# More about methods for solving systems of linear algebraic equations

It is of course very difficult to tell in detail about all the methods, but this topic seems to me interesting and extremely important, because everyone often comes across the task of finding a solution. In the first article Why Gauss? The Gauss method (including modifications) and some iterative methods were described. However, given the criticism of Sinn3r , I decided to describe other methods.

#### Start over

So, let us again need to solve a system of linear algebraic equations of order  . One of the most striking numerical methods is the method that uses decomposition of the matrix.

This intuitive method is as follows. Suppose we have a system of linear algebraic equations (written in vector form):



Where  is a terrible and entanglednon-degeneratematrix. Imagine it as a product of two other matrices: is the lower triangular matrix, and is the upper triangular matrix. Then obviously the system takes the form:



If to designate  , then the solution of the source system is found from the solution of two other systems:





The advantage of this method is that the solutions of the two auxiliary systems are found very simply (due to the fact that the matrices  and - triangular). But is it easy to find these matrices? So, the problem of solving a system is reduced to the problem of constructing decompositions for the matrix.

Description of the algorithm that applies decomposition is described in sufficient detailhere. And while we look at another method.

#### Square root method

We impose additional conditions on the matrix  . We require that it be symmetric, that is, or . Such a matrix can be represented as



Where  is the upper triangular matrix, is the diagonalrealmatrix, and its diagonal elements are equal to unity in absolute value. Similarly, the original system is reduced to two others:





which are also solved by elementary properties of matrices  and .

The derivation of algorithmic formulas is rather cumbersome and remains outside the scope of the publication. If desired, they can be foundhere.

Sample Java code that implements the sweep method:

import java.io.FileNotFoundException;
import java.io.PrintWriter;
import java.util.Locale;
import java.util.Scanner;
publicclassSquareRootMethod{
publicstaticvoidmain(String[] args)throws FileNotFoundException {
Scanner scanner = new Scanner(new FileReader("input.txt"));
scanner.useLocale(Locale.US);
int n = scanner.nextInt();
double[][] a = newdouble[n + 1][n + 1];
double[] b = newdouble[n + 1];
for (int i = 1; i <= n; i++) {
for (int j = 1; j <= n; j++) {
a[i][j] = scanner.nextDouble();
}
b[i] = scanner.nextDouble();
}
double[] x = newdouble[n + 1];
double[] d = newdouble[n + 1];
double[][] s = newdouble[n + 1][n + 1];
// for i = 1
d = Math.signum(a);
s = Math.sqrt(Math.abs(a));
for (int j = 2; j <= n; j++) {
s[j] = a[j] / (s * d);
}
// for i > 1//searching S and D matrixfor (int i = 2; i <= n; i++) {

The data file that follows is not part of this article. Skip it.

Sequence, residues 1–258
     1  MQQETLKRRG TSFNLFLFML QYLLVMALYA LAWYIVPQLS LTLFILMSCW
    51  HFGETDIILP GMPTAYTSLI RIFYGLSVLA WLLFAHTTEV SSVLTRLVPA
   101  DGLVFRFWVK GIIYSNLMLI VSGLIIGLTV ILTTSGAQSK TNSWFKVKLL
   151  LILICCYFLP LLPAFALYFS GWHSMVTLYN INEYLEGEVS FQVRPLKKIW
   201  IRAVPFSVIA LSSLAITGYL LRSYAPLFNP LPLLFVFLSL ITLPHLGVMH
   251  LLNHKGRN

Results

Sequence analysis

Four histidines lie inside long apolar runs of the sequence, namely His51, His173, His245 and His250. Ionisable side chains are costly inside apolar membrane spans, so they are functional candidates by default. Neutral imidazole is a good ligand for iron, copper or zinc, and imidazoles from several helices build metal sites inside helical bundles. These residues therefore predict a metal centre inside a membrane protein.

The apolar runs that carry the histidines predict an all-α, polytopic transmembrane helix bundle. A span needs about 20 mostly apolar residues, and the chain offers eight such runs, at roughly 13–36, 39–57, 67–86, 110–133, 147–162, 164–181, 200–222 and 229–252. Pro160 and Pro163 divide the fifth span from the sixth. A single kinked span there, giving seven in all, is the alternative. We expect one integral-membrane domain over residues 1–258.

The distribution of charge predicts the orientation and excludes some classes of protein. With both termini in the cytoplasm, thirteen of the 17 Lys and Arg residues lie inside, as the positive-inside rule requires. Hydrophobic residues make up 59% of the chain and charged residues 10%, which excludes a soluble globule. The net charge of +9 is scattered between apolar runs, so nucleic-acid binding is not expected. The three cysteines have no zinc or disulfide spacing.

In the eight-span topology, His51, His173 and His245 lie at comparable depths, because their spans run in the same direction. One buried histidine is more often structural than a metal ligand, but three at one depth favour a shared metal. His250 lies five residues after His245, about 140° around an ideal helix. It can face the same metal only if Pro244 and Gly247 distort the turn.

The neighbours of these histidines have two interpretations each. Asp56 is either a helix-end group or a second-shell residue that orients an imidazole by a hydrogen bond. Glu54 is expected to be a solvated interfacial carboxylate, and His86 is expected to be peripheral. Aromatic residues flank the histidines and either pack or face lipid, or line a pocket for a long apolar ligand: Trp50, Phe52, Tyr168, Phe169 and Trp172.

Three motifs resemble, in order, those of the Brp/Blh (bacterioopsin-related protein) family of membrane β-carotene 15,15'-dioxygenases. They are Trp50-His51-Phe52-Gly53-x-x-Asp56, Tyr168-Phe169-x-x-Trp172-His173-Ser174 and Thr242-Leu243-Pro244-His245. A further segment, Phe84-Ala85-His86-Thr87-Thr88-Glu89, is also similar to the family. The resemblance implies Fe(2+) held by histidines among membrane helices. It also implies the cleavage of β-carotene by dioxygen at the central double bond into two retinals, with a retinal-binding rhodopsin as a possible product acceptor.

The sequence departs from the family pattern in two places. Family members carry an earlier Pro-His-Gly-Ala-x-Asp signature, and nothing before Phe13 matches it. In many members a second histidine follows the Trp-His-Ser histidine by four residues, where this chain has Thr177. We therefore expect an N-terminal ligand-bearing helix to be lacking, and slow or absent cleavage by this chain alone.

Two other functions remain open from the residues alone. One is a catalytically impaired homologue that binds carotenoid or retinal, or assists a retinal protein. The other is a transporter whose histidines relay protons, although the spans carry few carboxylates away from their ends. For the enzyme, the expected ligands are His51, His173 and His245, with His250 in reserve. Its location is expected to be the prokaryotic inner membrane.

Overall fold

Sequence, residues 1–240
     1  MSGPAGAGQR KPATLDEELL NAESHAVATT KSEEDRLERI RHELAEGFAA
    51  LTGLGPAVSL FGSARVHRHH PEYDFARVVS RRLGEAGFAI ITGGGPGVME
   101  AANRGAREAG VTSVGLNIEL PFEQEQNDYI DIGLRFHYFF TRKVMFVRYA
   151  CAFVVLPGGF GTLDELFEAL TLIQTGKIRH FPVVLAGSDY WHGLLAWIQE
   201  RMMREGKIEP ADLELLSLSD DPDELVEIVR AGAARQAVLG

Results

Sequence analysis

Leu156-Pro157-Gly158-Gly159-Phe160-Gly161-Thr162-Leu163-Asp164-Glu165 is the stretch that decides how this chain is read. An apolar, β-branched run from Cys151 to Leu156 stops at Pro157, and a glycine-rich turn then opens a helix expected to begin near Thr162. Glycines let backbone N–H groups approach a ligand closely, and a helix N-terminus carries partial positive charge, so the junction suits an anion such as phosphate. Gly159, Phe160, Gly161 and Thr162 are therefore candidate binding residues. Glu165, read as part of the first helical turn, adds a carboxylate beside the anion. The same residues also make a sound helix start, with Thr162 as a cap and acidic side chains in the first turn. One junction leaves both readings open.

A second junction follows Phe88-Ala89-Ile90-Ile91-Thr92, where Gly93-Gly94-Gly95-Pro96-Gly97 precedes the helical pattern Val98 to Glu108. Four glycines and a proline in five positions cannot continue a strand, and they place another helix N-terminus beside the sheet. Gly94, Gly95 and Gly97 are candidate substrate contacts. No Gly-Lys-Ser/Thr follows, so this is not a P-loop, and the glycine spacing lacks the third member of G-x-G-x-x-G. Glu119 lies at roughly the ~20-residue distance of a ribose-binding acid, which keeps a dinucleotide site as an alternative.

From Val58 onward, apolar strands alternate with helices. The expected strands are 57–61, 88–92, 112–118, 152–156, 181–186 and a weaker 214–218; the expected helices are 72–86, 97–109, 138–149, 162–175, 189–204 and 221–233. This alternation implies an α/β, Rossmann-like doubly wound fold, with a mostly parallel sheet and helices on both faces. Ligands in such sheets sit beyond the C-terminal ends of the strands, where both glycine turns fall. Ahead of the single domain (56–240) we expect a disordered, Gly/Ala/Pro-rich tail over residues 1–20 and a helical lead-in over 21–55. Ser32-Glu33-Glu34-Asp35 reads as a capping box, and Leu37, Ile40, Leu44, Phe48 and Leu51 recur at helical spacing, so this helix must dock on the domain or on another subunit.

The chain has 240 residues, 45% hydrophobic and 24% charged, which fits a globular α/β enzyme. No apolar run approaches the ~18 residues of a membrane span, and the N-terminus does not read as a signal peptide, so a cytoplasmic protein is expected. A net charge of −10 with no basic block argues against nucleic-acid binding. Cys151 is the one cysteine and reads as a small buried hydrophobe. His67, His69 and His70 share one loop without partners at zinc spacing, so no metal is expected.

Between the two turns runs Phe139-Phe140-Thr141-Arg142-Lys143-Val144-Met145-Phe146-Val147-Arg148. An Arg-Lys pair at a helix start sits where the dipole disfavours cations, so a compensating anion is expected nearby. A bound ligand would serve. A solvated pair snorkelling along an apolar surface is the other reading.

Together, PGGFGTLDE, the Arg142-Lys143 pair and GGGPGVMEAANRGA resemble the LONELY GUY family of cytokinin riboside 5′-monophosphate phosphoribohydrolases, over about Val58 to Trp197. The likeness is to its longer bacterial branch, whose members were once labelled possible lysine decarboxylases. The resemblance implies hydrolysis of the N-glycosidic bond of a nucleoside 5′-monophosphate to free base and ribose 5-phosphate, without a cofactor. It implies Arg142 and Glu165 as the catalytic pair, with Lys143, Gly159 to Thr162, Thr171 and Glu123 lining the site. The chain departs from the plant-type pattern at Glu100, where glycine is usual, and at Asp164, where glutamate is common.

double sum = 0;
for (int k = 1; k <= i - 1; k++) {
sum += s[k][i] * s[k][i] * d[k];
}
d[i] = Math.signum(a[i][i] - sum);
s[i][i] = Math.sqrt(Math.abs(a[i][i] - sum));
double l = 1 / (s[i][i] * d[i]);
for (int j = i + 1; j <= n; j++) {
double SDSsum = 0;
for (int k = 1; k <= i - 1; k++) {
SDSsum += s[k][i] * d[k] * s[k][j];
}
s[i][j] = l * (a[i][j] - SDSsum);
}
}
//solve of the system (s^t * d)y = bdouble[] y = newdouble[n + 1];
y = b / (s * d);
for (int i = 2; i <= n; i++) {
double sum = 0;
for (int j = 1; j <= i - 1; j++) {
sum += s[j][i] * d[j] * y[j];
}
y[i] = (b[i] - sum) / (s[i][i] * d[i]);
}
//solve of the system sx = y
x[n] = y[n] / s[n][n];
for (int i = n - 1; i >= 1; i--) {
double sum = 0;
for (int k = i + 1; k <= n; k++) {
sum += s[i][k] * x[k];
}
x[i] = (y[i] - sum) / s[i][i];
}
//output
PrintWriter pw = new PrintWriter("output.txt");
for (int i = 1; i <= n; i++) {
pw.printf(Locale.US, "x%d = %f\n", i, x[i]);
}
pw.flush();
pw.close();
}
}


#### Sweep method

Using this method, only specific systems can be solved, having no more than three unknowns in each row. That is, with the system



matrix  is tridiagonal:



Immediately, we note that there is a connection between neighboring solutions:



- some unknown numbers. If we find them and any one variable, we can find all the others.

Derivation of formulas





present here . Well, in the end



Note that in the search formulas  there is a division by number which may turn out to be zero to keep track of. But in fact the following assertion holds , the proof of which is here : the sweep algorithm is correct and stable if the conditions are fulfilled:





Consider a Java program code that solves the system.



at .

package SystemOfLinearAlgebraicEquations;
import java.io.FileNotFoundException;
import java.io.PrintWriter;
import java.util.Locale;
import java.util.Scanner;
publicclassTridiagonalMatrixAlgorithm{
publicstaticvoidmain(String[] args)throws FileNotFoundException {
finalint n = 21;
double[] A = newdouble[n + 1];
double[] B = newdouble[n + 1];
double[] C = newdouble[n + 1];
double[] F = newdouble[n + 1];
double xi = 2;
C = 1;
F = 0;
for(int i = 2; i <= n-1; i++) {
A[i] = 1;
C[i] = xi;
B[i] = 1;
F[i] =  - (double) i / n;
}
A[n] = 0;
C[n] = 1;
F[n] = 1;
double[] alpha = newdouble[n + 1];
double[] beta = newdouble[n + 1];
// right stroke
alpha = B / C;
beta = F / C;
for (int i = 2; i <= n - 1; i++) {
double denominator = C[i] - A[i] * alpha[i-1];
alpha[i] = B[i] / denominator;
beta[i] = (F[i] + A[i] * beta[i - 1]) / denominator;
}
double[] x = newdouble[n + 1];
// back stroke
x[n] = (F[n] + A[n] * beta[n - 1]) / (C[n] - A[n] * alpha[n - 1]);
for (int i = n - 1; i >= 1; i--) {
x[i] = alpha[i] * x[i + 1] + beta[i];
}
// output
PrintWriter pw = new PrintWriter("output.txt");
for (int i = 1; i <= n; i = i + 5) {
pw.printf(Locale.US, "x%d = %f\n", i, x[i]);
}
pw.flush();
pw.close();
}
}